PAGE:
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Rimor Sailer 748

John Edward

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  • 3 months later...

Hello Archie's Grandad

This is John, aka Harley's Grandad

Thanks for your reply back in April. Sorry I've only just picked up your reply. We've been a bit busy during the last 3 months. We only bought the van because our flight to the UK was cancelled due to the Atlantic ash. We were kicking our heels, waiting for a flight the next week, when we saw an advert for a motorhome for sale locally. We went to see it and bought it immediately. We're motorhome virgins and worried that we'd made an expensive mistake.

We live in the countryside, accessible by a rough track, and our first expense was widening our entrance and getting the local blacksmith to weld an extra 2 ft to our metal gates.

However, we christened the van during a 4-week trip to the UK in June/July. Initially, we were terrified to move off a site and visit local places of interest but, with the help of TomTom, we ended up driving through town centres. The trip cost 265 euros in tolls because we were worried about using non-toll roads but we've researched the route to Calais for our next trip to the UK in 10 days time and hope to avoid a lot of tolls.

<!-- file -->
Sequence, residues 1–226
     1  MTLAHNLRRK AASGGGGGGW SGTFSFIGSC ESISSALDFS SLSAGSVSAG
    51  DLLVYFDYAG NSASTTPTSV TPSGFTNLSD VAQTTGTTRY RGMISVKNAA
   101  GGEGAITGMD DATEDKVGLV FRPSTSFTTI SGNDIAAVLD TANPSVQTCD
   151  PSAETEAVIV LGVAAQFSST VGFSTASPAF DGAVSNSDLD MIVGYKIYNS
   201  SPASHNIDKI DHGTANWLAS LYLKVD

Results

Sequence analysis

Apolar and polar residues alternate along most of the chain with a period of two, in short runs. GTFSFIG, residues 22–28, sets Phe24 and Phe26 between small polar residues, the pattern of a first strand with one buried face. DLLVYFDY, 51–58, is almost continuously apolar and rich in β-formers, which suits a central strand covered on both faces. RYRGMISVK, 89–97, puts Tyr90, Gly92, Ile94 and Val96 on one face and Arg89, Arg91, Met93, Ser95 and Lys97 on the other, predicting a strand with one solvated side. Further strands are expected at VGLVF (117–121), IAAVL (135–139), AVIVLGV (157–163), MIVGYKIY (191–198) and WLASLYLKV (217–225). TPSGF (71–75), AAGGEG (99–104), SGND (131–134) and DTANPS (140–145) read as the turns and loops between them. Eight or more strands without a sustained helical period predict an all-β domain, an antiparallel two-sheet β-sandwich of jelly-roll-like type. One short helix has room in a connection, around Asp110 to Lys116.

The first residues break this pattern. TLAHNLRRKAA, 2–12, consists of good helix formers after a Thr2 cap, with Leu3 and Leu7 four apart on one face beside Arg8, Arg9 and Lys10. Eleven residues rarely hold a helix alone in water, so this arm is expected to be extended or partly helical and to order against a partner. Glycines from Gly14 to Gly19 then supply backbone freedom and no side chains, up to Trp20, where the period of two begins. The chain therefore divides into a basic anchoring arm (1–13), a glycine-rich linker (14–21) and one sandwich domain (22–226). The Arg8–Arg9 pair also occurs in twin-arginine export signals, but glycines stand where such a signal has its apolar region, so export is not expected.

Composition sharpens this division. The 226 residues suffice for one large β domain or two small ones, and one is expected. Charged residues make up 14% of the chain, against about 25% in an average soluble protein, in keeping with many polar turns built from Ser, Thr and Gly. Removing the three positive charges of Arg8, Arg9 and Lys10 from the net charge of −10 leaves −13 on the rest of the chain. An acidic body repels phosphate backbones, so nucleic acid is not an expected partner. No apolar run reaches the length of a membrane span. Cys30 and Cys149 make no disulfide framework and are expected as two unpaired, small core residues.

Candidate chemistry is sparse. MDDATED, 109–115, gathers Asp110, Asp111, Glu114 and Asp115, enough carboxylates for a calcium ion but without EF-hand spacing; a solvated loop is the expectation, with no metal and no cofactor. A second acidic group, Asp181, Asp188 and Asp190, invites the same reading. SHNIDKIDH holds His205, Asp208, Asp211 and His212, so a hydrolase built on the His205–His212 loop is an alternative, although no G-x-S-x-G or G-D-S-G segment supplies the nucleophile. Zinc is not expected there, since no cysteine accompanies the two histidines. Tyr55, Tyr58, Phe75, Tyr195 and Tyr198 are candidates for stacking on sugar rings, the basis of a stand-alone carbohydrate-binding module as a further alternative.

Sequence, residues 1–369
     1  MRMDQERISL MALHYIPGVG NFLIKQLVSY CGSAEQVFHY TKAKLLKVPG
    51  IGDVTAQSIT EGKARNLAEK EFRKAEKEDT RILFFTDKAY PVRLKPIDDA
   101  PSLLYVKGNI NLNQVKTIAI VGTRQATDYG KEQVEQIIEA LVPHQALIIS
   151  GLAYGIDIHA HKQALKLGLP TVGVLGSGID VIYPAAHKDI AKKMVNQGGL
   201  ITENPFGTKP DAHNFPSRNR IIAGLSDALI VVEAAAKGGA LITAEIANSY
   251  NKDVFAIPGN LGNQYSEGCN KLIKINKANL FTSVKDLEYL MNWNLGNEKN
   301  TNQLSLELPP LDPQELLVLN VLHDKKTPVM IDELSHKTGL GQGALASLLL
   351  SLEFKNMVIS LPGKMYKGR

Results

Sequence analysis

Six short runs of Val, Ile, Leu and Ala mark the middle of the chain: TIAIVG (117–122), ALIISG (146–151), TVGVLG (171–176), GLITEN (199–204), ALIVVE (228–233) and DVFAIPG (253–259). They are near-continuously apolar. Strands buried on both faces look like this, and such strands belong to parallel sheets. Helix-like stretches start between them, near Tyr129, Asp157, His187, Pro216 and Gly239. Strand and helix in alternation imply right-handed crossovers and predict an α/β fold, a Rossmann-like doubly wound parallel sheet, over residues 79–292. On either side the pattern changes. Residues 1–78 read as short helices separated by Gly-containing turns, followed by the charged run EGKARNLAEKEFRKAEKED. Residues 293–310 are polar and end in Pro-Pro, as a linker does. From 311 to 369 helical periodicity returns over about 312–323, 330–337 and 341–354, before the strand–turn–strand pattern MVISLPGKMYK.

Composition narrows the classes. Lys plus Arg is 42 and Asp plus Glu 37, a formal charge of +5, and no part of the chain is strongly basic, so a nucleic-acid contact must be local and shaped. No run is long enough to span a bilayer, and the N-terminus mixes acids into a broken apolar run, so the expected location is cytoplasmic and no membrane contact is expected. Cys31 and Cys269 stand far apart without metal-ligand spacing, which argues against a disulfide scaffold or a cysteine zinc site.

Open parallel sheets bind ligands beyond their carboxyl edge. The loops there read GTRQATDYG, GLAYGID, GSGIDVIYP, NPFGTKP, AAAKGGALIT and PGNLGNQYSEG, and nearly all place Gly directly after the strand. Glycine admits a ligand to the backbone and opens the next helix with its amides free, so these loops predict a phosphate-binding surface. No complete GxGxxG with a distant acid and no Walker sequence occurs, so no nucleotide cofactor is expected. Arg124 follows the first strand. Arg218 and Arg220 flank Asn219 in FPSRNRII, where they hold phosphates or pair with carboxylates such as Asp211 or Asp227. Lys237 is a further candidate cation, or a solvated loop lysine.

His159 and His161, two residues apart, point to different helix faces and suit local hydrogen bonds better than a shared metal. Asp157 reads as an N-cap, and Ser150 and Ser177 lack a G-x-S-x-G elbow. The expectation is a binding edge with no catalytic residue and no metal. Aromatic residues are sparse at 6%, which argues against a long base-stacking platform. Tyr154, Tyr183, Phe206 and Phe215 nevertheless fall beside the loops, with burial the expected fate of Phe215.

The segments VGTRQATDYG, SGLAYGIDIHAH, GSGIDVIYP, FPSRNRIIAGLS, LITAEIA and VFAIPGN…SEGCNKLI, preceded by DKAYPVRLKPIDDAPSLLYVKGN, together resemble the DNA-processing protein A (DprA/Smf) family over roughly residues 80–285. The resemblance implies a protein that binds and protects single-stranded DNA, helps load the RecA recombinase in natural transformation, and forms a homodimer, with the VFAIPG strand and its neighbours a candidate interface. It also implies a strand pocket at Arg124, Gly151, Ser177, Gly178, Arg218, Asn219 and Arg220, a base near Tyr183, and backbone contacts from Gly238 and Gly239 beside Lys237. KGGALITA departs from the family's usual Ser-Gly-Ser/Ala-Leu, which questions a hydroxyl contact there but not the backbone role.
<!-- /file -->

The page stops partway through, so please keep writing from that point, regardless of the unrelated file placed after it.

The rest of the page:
We've had no problems whatsoever with the Rimor. In fact, we asked our local garage to check it out and a mechanic came up to our house today and the only fault was a bulb blown on the rear number plate light - and he wouldn't take any payment!

We're thinking about getting air ride suspension, probably buying a kit in the UK and bringing it back for our very cheap mechanic to fit it. He can't wait to do it as it will make a change from his usual run-of-the-mill jobs. Do you have this on your Rimor? We have a towbar on the back of ours and the only problem I've encountered is bottoming out the towbar when pulling into parking areas.

We can't wait to set off again, this time without the total contents of the kitchen and most of our wardrobes. I've also been warned about loading the garage with 6 fishing rods, fishing chair and all my fishing paraphernalia.

I know we shouldn't be travelling through France in August but we have to be in Surrey for my sister's big birthday. We looked at flights, plus car hire and hotel accommodation and, to be honest, couldn't wait to try out the van again.

Our problem with visiting the UK in July & August is finding sites. Everywhere seems to be booked up months in advance. On this trip we're relying on friends with large drives.

Thank you very much for replying to my query. We live near Nerja and, if you're in this neck of the woods, look us up.

Regards, John




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John-Edward, we live in France and don't use Toll Roads, only use motorways here if free. If you use a map book as well as a TomTom then you will get the benefits of not having to drive through big towns and can use by-pass roads. We also live in the 'sticks' and have no problems at all. We went to Spain and Portugal in December/January and came back from Seville on a brilliant new road all the way up to near the French border without paying a Toll.